On health care, Cooney and Gianforte duel over their records, federal policy

But, each have their own proposals
Posted at 11:41 AM, Oct 01, 2020
and last updated 2020-10-01 19:39:58-04

Editor’s note: This is the third of a three-part series on where the major-party gubernatorial candidates stand, and differ, on top issues in the state. Today’s article focuses on health care.

When it comes to health care as an issue in Montana’s gubernatorial race, the two leading candidates have their plans – but often end up debating federal policy and how it may affect what happens in the state.

Democratic Lt. Gov. Mike Cooney, whose administration helped extend Medicaid expansion here, says it’s become a cornerstone of the state’s health care system, providing publicly funded health coverage for almost 90,000 low-income Montanans.

Opponents of the 2010 federal law that created Medicaid expansion, such as his Republican rival, Greg Gianforte, have put that in jeopardy, he says.

“People like Greg Gianforte, he wants to tear down the (Affordable Care Act), and if he wants to do away with Medicaid expansion, he’s going to have to come through me to do that, because we’re going to fight like heck to make sure Montanans don’t lose that,” Cooney said in a recent interview.

Gianforte, Montana’s U.S. congressman and the co-founder of a successful software-development firm in Bozeman, told MTN News that he does not want to get rid of Medicaid expansion – although he would like to scrutinize its eligibility process.

But like most Republicans, he has opposed the ACA, saying it hasn’t reduced health-care costs and has narrowed choices of coverage for people.

The U.S. Supreme Court will consider a case within the next few months that could strike down the law. If that happens, “we’ll deal with the situation,” he told MTN News.

“My focus on health care has always been to go forward from where we are,” Gianforte says. ”I think there are a number of incremental steps we can do to bring the cost of health care down for Montana, preserve rural access to care and protect people with pre-existing conditions.”

The ACA is the law that forbade insurers from discriminating against people with pre-existing health conditions. Gianforte says he has sponsored separate bills in Congress to maintain that protection.

Once you get beyond the debate over the ACA, Cooney and Gianforte do have their own proposals and approaches to tackling health-care costs and problems in Montana.

Web Extra: Gianforte on health care

Gianforte, for example, says he wants to create more “transparency” in prices for health care and to forbid what he calls “surprise billing.”

“This should end,” he told MTN News. “Just because the insurance company and the hospital can’t agree on the price doesn’t mean they should dump the load on the patient.”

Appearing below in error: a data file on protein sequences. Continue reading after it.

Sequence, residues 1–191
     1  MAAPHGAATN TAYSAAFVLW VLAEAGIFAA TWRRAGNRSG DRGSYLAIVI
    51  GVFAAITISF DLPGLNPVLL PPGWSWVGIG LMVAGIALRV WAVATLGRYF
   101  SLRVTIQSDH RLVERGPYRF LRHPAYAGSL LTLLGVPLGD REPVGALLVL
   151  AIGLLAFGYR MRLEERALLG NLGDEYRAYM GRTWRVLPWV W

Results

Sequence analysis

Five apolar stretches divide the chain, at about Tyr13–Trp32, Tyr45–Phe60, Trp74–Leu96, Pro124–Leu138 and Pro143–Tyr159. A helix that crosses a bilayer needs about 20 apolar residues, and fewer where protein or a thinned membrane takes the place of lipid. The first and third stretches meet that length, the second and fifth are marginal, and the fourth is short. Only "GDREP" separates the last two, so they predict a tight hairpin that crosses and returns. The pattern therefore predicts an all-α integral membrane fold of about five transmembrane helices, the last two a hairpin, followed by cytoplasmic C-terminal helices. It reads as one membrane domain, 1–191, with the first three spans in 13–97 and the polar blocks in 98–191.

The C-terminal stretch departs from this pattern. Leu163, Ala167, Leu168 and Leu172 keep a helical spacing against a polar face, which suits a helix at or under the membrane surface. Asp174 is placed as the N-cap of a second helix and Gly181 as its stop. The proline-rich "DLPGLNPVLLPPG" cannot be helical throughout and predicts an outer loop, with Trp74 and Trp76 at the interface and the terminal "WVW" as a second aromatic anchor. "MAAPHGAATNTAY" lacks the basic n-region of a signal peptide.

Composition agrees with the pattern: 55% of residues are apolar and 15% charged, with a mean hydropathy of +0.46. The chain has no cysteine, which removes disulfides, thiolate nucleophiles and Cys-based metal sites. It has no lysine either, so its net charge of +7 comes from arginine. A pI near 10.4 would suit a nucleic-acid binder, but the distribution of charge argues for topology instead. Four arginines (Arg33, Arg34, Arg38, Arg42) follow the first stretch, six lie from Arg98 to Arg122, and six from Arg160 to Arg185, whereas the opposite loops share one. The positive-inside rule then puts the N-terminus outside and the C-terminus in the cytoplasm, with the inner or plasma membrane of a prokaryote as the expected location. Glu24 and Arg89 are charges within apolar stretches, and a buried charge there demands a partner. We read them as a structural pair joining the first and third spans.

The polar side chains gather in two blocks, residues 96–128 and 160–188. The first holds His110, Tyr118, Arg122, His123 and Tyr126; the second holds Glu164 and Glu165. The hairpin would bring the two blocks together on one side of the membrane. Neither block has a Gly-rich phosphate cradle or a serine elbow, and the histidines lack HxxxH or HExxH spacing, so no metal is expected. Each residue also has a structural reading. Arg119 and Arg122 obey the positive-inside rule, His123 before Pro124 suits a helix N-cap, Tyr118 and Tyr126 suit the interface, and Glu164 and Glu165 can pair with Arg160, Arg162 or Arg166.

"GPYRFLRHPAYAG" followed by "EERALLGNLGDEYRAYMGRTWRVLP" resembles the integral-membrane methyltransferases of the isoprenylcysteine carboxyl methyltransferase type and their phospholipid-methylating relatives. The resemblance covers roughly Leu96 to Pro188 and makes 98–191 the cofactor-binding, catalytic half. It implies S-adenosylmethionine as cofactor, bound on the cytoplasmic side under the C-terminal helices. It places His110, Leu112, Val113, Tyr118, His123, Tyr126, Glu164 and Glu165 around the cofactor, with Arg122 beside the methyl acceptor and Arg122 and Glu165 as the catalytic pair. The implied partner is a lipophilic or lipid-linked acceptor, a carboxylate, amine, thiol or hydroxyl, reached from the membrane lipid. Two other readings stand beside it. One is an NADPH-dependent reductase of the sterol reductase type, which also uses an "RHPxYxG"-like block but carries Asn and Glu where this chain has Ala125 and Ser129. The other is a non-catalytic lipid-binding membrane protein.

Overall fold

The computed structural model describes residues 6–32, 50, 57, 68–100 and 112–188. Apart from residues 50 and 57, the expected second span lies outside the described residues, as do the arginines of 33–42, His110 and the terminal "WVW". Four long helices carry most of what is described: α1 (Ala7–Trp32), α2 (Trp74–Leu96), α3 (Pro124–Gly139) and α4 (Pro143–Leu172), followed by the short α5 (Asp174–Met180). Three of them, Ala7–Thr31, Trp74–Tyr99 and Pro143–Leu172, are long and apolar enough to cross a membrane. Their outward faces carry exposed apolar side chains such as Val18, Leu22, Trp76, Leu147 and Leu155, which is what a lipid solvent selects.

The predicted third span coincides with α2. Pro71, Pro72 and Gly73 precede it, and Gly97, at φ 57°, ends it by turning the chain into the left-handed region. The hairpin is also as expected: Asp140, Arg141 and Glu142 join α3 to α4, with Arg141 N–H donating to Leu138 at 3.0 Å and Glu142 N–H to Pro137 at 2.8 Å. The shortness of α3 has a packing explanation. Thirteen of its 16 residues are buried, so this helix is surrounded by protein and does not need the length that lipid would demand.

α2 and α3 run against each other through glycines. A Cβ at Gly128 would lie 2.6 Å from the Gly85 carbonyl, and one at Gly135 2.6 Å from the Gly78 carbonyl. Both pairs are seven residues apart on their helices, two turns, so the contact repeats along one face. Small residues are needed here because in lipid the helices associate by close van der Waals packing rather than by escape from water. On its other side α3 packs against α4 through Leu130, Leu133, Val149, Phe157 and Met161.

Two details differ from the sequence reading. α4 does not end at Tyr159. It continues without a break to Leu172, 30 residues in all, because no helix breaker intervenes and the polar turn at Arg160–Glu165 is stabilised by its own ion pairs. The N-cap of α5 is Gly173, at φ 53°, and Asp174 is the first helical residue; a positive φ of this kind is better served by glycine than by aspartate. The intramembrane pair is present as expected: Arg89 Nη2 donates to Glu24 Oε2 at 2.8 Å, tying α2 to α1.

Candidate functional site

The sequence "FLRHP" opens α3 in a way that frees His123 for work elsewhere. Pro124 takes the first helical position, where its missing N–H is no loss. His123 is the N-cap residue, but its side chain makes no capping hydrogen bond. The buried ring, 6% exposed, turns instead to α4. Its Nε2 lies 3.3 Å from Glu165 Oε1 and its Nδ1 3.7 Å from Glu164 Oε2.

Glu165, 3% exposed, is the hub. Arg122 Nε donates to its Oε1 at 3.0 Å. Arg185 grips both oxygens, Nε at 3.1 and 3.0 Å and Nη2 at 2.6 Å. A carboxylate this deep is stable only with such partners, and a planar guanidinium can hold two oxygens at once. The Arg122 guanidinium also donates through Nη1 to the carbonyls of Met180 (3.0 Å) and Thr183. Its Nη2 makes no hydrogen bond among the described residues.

He also wants to take on drug addiction and related mental-health problems in Montana, with a focus on rehabilitation rather than incarceration. Gianforte says he wants to expand drug-treatment courts in the state.

“We’re the second-highest state in the country, per capita, for kids in foster care – mostly because of drugs,” he says. “The treatment courts we have around the state work. … Not only do (they) help people become all they were meant to be, by getting back on their feet, getting clean and getting a job – we also keep them out of the prison system.”

Cooney says Republicans in Congress haven’t done much to reduce the cost of prescription drugs, so it’s time for the states to step up.

He wants to consider price caps for certain drugs and says he’d act quickly to enact a state-based plan, endorsed by the feds, to allow Montanans to buy drugs through Canada, at greatly reduced prices.

Web Extra: Cooney on health care

“Right now, if we weren’t in the middle of a pandemic, we could cross the Canadian border, got to one of their pharmacies and we could buy a little bottle of insulin,” Cooney says. “That little bottle of insulin in the United States costs about $290 to $300. Up in Canada, you can get it for about $30.”

And as for mental health and drug addiction, Cooney comes back to Medicaid expansion, saying it has opened up treatment possibilities for many Montanans who previously couldn’t afford it. Getting rid of it or scaling it back would undercut those advances, he says.

“You can’t support Medicaid expansion and try to tear down the ACA,” Cooney says, referring to Gianforte. “So let’s quit letting this guy talk out of both sides of his mouth. …

“That’s not what Montanans want. They want access to quality health care, affordable health care, they want to take care of themselves, they want to remain healthy.”